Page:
If you’re a student at NLUD, two questions probably cross your mind before you ever express an opinion:
- Will the Modi government arrest me for this?
- Will my classmates lynch me for this?
We like to portray ourselves as flag bearers of freedom. We’ve read J.S. Mill, we’ve quoted the majority in Obergefell v. Hodges and perhaps have even sent Mark Zuckerberg a bottle of hand sanitiser to help him wash the blood off his hands post meeting Modi. In our first semester at law school, we’re taught audi alteram partem (hear the other side) as a principle of natural justice. In third year, we learn about the right to freedom of speech and the right to dissent.
And yet, somewhere along the way, in between our calls for liberty and equality, we lose sight of where we started, of the basic presuppositions of the very arguments we make. In our overzealousness to make our voices and the ones we deem right heard, we end up silencing the other side.
The space for views divergent from the dominant discourse seems to be a shrinking one – one that needs to be protected, regardless of which side of the debate you are on, whether you believe in separate utensils for vegetarian and non-vegetarian food or not, whether you think spots should be reserved on the football team for girls or not. Dissent on campus seems to be met with an ever-increasing dose of vitriol and hostility, of labels that are convenient to slap on people (‘misogynistic’, ‘bigoted’, ‘homophobe’), without fully delving into the rationale behind their arguments, or trying to understand their perspective.
Is what you have to say a feminist, liberal, left-wing statement? No?
Then shut up!
One would hope the course law school discussions take would be more nuanced and complex than this. Surely there must be some substance in views from the opposing side? And if nothing else, are we to discount the inherent value of a person’s opinions, regardless of their source and rationale?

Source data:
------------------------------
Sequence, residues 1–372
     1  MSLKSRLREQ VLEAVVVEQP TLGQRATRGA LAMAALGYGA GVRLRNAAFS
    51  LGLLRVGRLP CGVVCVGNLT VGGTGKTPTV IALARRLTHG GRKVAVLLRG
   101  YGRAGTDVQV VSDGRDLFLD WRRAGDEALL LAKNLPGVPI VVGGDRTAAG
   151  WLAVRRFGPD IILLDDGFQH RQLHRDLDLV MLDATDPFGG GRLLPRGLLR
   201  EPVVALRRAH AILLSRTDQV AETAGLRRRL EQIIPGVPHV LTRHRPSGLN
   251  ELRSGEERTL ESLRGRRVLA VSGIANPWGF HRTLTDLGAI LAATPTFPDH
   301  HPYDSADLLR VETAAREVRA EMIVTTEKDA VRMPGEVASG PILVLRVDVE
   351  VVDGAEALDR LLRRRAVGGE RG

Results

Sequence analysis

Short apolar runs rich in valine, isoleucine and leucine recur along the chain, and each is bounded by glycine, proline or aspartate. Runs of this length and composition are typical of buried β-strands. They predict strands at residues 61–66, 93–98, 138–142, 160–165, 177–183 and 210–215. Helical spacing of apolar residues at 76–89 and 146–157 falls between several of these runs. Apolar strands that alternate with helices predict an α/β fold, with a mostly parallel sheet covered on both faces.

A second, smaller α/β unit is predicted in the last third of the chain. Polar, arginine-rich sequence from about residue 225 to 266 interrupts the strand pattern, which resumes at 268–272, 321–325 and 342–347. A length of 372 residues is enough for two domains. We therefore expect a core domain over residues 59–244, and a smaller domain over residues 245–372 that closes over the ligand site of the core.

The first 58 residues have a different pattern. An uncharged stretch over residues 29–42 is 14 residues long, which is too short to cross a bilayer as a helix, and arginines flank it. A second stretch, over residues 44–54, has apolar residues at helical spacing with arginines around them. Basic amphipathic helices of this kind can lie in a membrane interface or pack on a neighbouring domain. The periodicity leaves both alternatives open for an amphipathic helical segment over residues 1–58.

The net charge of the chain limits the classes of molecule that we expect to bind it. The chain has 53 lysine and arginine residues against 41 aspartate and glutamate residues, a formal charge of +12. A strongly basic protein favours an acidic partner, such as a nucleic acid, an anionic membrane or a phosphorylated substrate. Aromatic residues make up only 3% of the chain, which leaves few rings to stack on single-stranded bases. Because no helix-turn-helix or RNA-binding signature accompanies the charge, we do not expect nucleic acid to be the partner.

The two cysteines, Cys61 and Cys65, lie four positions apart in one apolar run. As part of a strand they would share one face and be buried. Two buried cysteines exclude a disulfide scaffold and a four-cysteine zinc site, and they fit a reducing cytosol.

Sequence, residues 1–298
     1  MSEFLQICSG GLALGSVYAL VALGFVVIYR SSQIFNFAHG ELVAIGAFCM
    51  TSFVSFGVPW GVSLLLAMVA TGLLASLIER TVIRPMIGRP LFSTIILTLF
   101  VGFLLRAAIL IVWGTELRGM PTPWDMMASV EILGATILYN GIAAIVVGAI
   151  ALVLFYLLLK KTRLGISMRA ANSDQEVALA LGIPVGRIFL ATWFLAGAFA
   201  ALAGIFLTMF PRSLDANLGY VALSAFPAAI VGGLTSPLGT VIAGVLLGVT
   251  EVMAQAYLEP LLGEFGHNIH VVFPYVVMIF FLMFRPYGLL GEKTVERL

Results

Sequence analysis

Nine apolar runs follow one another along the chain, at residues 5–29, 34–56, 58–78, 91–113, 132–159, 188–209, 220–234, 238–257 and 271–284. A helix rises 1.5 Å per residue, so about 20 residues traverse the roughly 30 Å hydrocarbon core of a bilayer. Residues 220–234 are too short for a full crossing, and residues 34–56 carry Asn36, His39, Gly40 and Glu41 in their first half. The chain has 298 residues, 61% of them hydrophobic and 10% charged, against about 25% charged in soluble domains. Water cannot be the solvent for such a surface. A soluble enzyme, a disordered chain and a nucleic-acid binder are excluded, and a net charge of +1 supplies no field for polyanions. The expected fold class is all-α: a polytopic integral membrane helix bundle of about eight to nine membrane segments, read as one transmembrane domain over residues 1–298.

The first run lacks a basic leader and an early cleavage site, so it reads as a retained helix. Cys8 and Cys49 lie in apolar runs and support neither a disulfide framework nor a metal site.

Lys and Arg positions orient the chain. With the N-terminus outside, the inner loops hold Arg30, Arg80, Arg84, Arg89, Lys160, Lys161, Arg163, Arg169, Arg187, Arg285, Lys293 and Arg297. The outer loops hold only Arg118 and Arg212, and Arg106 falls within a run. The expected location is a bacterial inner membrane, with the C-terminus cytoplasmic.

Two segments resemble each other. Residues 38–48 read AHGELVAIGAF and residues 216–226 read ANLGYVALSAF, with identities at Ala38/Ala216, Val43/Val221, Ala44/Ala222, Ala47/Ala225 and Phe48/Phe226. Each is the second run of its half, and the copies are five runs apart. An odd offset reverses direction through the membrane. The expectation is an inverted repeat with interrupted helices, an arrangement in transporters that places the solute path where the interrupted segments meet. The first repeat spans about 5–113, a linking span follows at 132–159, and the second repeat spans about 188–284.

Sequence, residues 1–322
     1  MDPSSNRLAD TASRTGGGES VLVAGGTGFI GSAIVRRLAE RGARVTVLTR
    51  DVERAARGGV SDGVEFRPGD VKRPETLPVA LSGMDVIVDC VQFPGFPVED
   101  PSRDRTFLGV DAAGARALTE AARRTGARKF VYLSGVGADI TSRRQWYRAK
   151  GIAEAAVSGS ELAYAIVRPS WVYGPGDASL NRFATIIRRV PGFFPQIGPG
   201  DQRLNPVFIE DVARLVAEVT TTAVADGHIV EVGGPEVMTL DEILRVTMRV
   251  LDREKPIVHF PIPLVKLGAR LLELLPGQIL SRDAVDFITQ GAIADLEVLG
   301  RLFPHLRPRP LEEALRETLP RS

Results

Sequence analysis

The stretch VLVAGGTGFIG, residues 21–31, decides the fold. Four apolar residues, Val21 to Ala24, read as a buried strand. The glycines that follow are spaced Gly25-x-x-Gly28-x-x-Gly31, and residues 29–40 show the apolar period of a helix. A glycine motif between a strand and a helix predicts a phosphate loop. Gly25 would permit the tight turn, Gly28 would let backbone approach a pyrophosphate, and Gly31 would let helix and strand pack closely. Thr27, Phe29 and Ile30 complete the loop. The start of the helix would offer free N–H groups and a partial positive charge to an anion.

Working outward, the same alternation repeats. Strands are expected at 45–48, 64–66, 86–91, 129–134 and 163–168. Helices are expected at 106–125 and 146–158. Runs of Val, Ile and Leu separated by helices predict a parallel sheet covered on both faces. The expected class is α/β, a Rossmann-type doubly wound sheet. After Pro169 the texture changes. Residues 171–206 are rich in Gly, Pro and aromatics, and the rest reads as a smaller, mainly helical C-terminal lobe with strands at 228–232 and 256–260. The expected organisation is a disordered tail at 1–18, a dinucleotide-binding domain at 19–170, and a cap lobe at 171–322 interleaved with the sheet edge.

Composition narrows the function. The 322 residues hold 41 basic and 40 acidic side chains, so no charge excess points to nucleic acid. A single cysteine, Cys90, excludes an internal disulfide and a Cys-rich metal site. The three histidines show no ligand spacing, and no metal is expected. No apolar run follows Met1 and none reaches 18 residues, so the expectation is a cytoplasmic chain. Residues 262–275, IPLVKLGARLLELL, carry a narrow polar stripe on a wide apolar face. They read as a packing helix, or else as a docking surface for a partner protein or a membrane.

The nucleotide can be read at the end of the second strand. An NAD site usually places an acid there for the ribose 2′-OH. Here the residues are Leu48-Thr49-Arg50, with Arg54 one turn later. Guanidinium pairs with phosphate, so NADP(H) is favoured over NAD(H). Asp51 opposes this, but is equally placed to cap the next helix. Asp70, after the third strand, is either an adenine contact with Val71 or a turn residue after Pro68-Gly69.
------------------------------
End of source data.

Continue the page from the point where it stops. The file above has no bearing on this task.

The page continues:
Were Hitler’s views repulsive? I would say so. Do I still believe he was entitled to them? Yes. Did he have the right to impose his views on millions who disagreed? Not so much.
The difference between the second and third question above is one that is often obscured. Allowing people their opinions, however opposed to our own sense of morality or rationality they might be, does not mean these opinions will be imposed on others.
Are we perhaps afraid that these views will gain traction if we don’t oppose them? And if they do gain traction, and people have taken an informed decision, all arguments considered, to choose the less “liberal” (for lack of a better word) view, is it so terrible? If all are in agreement, and are content with the state they are in, are we to poke and prod, considering ourselves the torchbearers of enlightenment for these poor souls?
We laugh when someone narrates a story about having “capitalist” used against him as an insult, but think any proponents of a non-interventionist state must be inconsiderate and cannot really be philanthropists. We are horrified at the people who killed a man for eating beef, but are unflinching in our endless chains of emails attacking a differing view on campus issues.